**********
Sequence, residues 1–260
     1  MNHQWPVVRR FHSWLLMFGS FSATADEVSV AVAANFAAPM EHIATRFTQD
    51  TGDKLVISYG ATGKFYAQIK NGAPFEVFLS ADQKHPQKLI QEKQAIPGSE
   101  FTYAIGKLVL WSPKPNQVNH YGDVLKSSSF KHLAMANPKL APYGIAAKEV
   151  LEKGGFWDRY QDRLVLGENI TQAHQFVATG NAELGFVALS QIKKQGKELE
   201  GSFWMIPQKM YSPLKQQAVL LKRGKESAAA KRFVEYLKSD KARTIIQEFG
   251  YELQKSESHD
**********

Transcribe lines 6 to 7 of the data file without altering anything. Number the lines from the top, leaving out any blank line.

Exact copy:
   201  GSFWMIPQKM YSPLKQQAVL LKRGKESAAA KRFVEYLKSD KARTIIQEFG
   251  YELQKSESHD